In Depth Analysis

Strangely Existential

Strangely Existential: Existentialism Ideals in Camus’ The Stranger


Many would argue that Albert Camus isn’t an Existentialist. When asked, Camus himself even denied it (Simon Lea). One reason that Camus might be excluded as an Existentialist is that Camus never really fights the idea of alienation. In fact, he gives it a very positive connotation in The Stranger. David E. Cooper, the author of Existentialism, states that “in the attitude of Meursault, The Outsider, we find a defiant pleasure taken in our alienated condition,” (Simon Lea).

To understand if Albert Camus was an existentialist or not, one must first know what Existentialism is. Existentialism is defined in the Webster dictionary as “a chiefly 20th century philosophical movement embracing diverse doctrines but centering on analysis of individual existence in an unfathomable universe and the plight of the individual who must assume ultimate responsibility for acts of free will without any certain knowledge of what is right or wrong or good or bad.”  There are many various properties that make up the ideas of Existentialism: philosophy as a way of life, anxiety and authenticity, freedom, existence, absurdity, and the crowd.

Existentialists believe in this idea of immanence, or that philosophy should be integrated into each individual’s life, not hover outside it. They also believe that a man “lives rather than is,” (Bigelow), meaning essentially that every human being is unique and different and has unique and different experiences that can only be understood in terms of their involvement in their own lives. Some of these ideas originated with old philosophers like Socrates, Stoics, and Epicureans (Burnham).

Anxiety and authenticity is the next property Existentialists are interested in. Douglas Burnham and George Papandreopoulos of Staffordshire University define anxiety as the reaction to the idea that human existence is somehow, “on its own.” We are in charge of all the decisions to be made in our life and must deal with the responsibility of whatever we choose. Along with this idea of anxiety is this idea of authenticity, or living honestly in sync with nature. However, this does not mean just acknowledging that, yes, nature is present. It means living in accordance with it and letting it be firmly a part of and within your life, like the idea of immanence.

Freedom is the next idea Existentialists touch on. Freedom closely relates to anxiety because it also deals with the idea that we must make decisions that affect our lives and those decisions are our responsibility. Freedom also means that, rather than be random, we live by laws that are given, “by the self in recognition of its responsibility,” (Gordan and Papandreopoulos). We have the freedom and ability to give ourselves our own set of rules and as we are free to action, we are also free not to act.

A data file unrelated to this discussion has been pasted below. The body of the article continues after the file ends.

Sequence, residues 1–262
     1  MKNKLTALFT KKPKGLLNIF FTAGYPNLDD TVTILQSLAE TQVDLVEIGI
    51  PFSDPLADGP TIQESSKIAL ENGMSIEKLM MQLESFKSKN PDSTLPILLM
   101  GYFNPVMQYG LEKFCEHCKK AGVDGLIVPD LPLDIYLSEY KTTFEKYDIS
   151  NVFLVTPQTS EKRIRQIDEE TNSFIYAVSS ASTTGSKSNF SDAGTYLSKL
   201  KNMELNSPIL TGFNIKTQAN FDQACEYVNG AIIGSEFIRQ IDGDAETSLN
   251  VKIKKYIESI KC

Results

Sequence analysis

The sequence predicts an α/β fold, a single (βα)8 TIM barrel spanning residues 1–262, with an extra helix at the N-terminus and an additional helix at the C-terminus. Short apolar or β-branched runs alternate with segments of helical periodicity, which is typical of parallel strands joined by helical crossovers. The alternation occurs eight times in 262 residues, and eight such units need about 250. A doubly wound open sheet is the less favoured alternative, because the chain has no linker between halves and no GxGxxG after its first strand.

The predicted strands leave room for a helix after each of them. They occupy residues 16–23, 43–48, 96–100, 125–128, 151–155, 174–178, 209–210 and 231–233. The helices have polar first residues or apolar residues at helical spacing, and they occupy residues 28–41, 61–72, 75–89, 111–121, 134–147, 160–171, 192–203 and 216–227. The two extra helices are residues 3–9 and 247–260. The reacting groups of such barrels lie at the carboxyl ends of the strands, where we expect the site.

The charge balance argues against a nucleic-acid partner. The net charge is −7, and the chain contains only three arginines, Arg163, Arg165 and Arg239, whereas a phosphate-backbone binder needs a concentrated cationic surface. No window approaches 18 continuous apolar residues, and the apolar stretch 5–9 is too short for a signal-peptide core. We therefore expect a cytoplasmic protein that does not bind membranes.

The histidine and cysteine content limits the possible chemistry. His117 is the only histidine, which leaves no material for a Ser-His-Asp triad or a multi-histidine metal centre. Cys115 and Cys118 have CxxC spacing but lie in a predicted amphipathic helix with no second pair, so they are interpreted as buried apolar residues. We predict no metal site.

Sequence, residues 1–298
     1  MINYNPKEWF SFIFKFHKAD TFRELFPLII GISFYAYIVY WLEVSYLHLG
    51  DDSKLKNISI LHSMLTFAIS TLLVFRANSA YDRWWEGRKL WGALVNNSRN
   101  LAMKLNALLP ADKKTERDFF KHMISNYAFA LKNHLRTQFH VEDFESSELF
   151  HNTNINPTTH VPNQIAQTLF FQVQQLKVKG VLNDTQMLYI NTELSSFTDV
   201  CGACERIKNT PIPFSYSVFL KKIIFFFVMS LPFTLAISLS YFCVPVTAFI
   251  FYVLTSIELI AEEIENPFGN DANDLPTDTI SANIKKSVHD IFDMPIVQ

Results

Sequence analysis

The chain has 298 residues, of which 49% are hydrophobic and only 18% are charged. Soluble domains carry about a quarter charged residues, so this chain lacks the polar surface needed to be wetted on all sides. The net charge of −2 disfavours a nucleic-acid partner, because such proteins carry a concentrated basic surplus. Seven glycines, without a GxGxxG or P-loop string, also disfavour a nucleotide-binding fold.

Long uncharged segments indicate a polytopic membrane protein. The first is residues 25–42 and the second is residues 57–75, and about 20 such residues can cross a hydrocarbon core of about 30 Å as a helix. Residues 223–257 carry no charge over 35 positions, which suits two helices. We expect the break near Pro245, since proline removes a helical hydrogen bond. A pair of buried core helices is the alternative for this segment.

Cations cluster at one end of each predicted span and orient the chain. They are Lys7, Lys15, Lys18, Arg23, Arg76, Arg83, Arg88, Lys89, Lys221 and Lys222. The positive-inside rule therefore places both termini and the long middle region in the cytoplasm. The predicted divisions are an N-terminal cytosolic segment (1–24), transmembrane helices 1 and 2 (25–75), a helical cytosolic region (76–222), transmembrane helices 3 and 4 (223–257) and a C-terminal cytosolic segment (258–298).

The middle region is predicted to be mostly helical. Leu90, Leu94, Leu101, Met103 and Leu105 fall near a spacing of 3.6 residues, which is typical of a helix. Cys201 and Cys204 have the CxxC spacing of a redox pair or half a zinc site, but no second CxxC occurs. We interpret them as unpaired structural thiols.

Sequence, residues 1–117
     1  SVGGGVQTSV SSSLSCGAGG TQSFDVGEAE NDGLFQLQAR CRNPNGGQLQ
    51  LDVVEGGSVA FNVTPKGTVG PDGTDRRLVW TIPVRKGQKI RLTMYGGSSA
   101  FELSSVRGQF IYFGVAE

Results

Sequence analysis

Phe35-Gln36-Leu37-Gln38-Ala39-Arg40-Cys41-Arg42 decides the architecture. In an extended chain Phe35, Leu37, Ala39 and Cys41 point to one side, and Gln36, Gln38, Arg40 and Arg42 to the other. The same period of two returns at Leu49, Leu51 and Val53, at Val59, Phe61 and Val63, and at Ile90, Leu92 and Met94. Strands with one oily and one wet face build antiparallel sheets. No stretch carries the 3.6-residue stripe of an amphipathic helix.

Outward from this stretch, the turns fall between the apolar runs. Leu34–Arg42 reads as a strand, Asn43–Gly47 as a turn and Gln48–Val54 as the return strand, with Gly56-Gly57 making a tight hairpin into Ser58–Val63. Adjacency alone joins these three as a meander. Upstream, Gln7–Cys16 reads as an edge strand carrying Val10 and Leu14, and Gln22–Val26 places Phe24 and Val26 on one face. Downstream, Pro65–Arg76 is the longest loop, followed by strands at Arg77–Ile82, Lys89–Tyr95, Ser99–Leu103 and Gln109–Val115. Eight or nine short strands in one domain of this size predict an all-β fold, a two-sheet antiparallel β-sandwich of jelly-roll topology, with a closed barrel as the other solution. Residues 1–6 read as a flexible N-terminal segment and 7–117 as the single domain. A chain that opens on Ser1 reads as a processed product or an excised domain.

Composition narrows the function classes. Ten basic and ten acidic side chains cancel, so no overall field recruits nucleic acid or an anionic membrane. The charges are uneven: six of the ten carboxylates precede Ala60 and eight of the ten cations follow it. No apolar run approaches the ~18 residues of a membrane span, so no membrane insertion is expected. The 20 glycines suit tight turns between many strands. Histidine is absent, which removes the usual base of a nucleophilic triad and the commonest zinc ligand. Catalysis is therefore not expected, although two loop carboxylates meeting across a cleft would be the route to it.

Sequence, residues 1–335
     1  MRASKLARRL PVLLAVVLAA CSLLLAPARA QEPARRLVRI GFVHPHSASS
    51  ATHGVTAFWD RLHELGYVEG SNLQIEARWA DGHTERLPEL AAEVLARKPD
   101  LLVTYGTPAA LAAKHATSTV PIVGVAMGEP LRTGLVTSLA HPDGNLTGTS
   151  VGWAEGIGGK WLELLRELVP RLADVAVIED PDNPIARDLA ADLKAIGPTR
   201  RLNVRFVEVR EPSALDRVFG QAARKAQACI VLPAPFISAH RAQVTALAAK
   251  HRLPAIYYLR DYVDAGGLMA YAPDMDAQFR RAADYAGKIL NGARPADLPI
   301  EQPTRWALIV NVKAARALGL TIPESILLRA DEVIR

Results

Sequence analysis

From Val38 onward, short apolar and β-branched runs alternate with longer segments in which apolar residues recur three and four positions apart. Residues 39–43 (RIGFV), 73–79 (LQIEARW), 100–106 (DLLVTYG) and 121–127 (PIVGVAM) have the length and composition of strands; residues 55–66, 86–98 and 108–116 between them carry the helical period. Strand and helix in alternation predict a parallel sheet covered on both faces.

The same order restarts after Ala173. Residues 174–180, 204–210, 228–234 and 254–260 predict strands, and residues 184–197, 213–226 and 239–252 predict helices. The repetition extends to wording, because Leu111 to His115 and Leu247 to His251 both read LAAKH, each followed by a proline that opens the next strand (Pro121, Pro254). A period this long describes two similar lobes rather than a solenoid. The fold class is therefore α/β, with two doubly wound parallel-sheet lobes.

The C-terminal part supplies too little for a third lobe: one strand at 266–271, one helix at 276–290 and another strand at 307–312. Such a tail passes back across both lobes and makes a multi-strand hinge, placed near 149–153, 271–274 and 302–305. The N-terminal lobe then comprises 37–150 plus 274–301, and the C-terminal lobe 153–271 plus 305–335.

Existence, of course, plays a large role in Existentialism. Existentialists of all minds agree on the idea that we should be focused specifically on human existence and not just on any existent thing. There is also a belief in living in a state of, “I am,” and that existence is not rooted in nature or culture because “to ‘exist’ is precisely to constitute such an identity,” (Crowell).

Absurdity is a property of Existentialism that is most referred to in Camus’ case. Absurdity centers basically around the idea that nature and humans have no real reason for existing, and that humans should not attempt to understand this lack of reason for existence. It is also the idea that the only real reason and order in the universe is the reason and order that humanity makes for itself. Morality only holds value at what prices we, as human beings, put on it. In other words, “the only order in a disordered world is the one we create for ourselves” (Moser). Absurdity has a bit of relation to the idea of freedom. According to Gordan and Papandreopoulos, “a free action, once done, is no longer free; it has become an aspect of the world, a thing.” This brings about their next idea that, “in becoming myself (a free existence), I must become what I am not (a thing).” Some would even find this idea comforting because, especially in modern day, human beings and individuals do not like to think of themselves as “things,” but rather as people with ideas and thoughts and feelings.

Lastly is the idea of, “the crowd.” This property centers on the concept that the crowd represents untruth (Crowell). The crowd destroys the idea of individualism and the importance of uniqueness in man by representing the standard or comfortable way of living. To be a part of the crowd you take away the responsibility of being oneself. In modern terms, it means that by band-wagoning and following society in its way of living without thought, you are conforming to the lifestyle needed for social life and, in turn, are not being individual and are living in untruth.